RoVa4D Full Color Blender 3D Printer Reaches Kickstarter Funding Goal in Less Than Six Hours

IMTS

Share this Article

c189e52ae77d06b6b8dcb8e880c5e5eb_originalIt’s understandable to wonder if a Kickstarter product will live up to the hype. After all, many things that look too good to be true often are, and it’s scary to pledge a lot of money to a campaign without certainty that you won’t wind up with a dud product. When a company has already run multiple successful Kickstarter campaigns that launched quality products, however, it’s a good bet that they won’t let you down.

ccfdb8138a8c692a0f742a222ebaeed4_originalThe RoVa4D Full Color Blender 3D Printer boasts some bold claims: an affordable full-color, multi-material desktop 3D printer that’s easy enough for beginners. In this case, I think it’s safe to trust that the recently launched Kickstarter campaign will deliver everything it offers, as the developer, ORD Solutions, has a great track record so far. They’ve already run two Kickstarter campaigns that largely exceeded their funding goals, and their RoVa3D multicolor 3D printer, released after a 2014 Kickstarter, has gone on to sell hundreds of models. It’s a pretty good bet that their latest project won’t disappoint, either.

ORD Solutions’ customers seem to agree, as the RoVa4D was fully funded in less than six hours, and now, less than a week into the campaign, they’re at nearly 500% of their goal. It’s always startling when a campaign reaches such high levels of support in such a short period of time, but the RoVa4D offers a lot to be excited about.

One of the most attractive elements of the RoVa4D is its color-blending capabilities. Cyan, yellow, magenta, black and white filaments are extruded into a single hotend, allowing for virtually unlimited color combinations to be created in a single print, either clearly separated or blended in a subtle gradation. Then there’s the material blending. A second hotend allows for up to five different PLA-based filaments to be mixed and printed in one piece, facilitating the creation of entirely new materials. A third hotend is dedicated to support materials.

01c9da0acfc804b5cecda3d66e285a1e_original

Printing the colors you want to print is remarkably easy, too. The user simply chooses or designs a model, then “paints” it within the design software in any color or colors he or she desires. Pictures and photographs can be “wrapped” onto models, as well. The printer, which recognizes which color (cyan, magenta, yellow, white or black) is loaded into each extruder, then mixes the appropriate amounts of each color in the mixing chamber and extrudes a precisely shaded print to perfectly match the model.

82cc8e4845280138b10e943c433cb00c_originalLike its predecessors, the RoVa4D has an all-aluminum frame, aluminum hotends, automatic bed leveling, and liquid cooling. With a build volume of 12 x 12 x 12 in, it’s significantly bigger than the RoVa3D. Interchangeable GeckoTek build plates are included for easy adhesion and removal, and stringent safety measures were applied to make the printer suitable for schools or libraries.

Rewards start at $25 (all amounts in Canadian dollars), which will get you a RoVa4D T-shirt. For $2,000, existing customers who own a RoVa3D can upgrade their model to a 4D with a five-color mixing head and filament-switching extruders. Early birds who pledge $4,600 will get a full RoVa4D package, which includes the printer itself plus:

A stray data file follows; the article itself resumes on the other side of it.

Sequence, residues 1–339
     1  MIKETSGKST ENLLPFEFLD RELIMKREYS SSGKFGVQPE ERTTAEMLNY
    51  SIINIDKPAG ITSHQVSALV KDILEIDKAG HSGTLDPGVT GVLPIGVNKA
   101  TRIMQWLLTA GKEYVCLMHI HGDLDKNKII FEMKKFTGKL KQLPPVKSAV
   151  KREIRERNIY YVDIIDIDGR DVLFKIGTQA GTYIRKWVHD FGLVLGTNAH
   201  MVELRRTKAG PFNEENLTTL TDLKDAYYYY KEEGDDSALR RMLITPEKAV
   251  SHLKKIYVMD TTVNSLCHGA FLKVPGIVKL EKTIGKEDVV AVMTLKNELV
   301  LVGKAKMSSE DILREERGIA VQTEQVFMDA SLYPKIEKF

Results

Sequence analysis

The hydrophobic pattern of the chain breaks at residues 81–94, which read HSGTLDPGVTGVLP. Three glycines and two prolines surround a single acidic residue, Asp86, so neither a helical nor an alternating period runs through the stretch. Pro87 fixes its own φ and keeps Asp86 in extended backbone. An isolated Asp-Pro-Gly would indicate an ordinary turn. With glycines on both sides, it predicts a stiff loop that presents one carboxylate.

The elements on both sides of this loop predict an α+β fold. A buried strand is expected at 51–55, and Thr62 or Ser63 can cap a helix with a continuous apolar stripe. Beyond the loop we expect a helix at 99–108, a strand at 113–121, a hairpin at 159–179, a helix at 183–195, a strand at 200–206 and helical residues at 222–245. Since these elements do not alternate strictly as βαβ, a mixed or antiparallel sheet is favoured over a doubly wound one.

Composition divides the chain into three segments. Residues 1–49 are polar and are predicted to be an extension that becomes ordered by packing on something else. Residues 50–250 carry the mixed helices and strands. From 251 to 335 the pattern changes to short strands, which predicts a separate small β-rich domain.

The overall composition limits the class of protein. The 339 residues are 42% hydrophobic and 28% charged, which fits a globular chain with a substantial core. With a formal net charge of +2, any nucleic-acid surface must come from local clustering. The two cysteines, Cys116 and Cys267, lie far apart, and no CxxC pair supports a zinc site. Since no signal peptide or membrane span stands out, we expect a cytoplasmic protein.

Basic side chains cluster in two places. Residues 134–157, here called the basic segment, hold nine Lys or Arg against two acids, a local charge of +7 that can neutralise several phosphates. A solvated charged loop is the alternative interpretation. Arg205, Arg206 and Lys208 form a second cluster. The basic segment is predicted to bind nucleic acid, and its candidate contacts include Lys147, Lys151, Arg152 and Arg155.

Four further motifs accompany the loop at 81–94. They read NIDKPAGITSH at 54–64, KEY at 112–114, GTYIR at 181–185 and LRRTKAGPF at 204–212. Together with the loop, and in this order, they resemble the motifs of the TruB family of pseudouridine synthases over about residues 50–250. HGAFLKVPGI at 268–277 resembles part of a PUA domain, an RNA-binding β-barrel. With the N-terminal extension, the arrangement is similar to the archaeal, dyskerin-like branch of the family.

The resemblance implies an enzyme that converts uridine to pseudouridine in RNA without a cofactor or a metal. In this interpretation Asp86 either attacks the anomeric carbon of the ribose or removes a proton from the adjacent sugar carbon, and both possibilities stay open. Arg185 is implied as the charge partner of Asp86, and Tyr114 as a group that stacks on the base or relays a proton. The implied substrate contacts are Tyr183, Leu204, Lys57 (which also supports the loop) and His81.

• Flexible material head and support material head
  • Wireless printing/wireless touch interface
  • Lockable safety enclosure
  • Quick start kit
  • RoVaSlice Custom Printing Design Software
  • Two quick-change GeckoTek plates
  • Either five CMYKW color filament spools or five multi-material spools plus one PVA and one RoVa-flex spool

Higher contributions will get you the same from later production batches, while a pledge of $6,500 gets you the beta unit delivered as early as November. Shipping is free in Canada and the continental US. Are you funding this campaign? Discuss in the RoVa4D 3D Printer forum over at 3DPB.com.

Watch the Kickstarter video below.

https://ksr-video.imgix.net/projects/2413664/video-690564-h264_high.mp4

Share this Article


Recent News

Interview: Rethinking 3D Printing for High-Volume Production with Exentis

3D Printing Financials: Prodways’ Q1 2024 Revenue Drop and Accounting Overhaul



Categories

3D Design

3D Printed Art

3D Printed Food

3D Printed Guns


You May Also Like

3D Printing Financials: Fathom Struggles in Financial Quicksand During Critical Transition

Facing a year of key transitions and financial pressures, Fathom (Nasdaq: FTHM) has filed its annual report for 2023 with the U.S. Securities and Exchange Commission (SEC). The document outlines...

Latest Earnings Overview for Australian 3D Printing Firms Titomic and AML3D

Australian 3D printing manufacturing firms Titomic (ASX: TTT) and AML3D (ASX: AL3) reported their financial results for the period from July to December 2023, marking the first half of their...

3D Printing Webinar and Event Roundup: April 7, 2024

Webinars and events in the 3D printing industry are picking back up this week! Sea-Air-Space is coming to Maryland, and SAE International is sponsoring a 3D Systems webinar about 3D...

3D Printing Financials: Unpacking Farsoon and BLT’s 2023 Performance

In the Chinese 3D printing industry, two companies, Farsoon (SHA: 688433) and Bright Laser Technologies, or BLT (SHA: 688333), have recently unveiled their full-year earnings for 2023. Farsoon reported increases...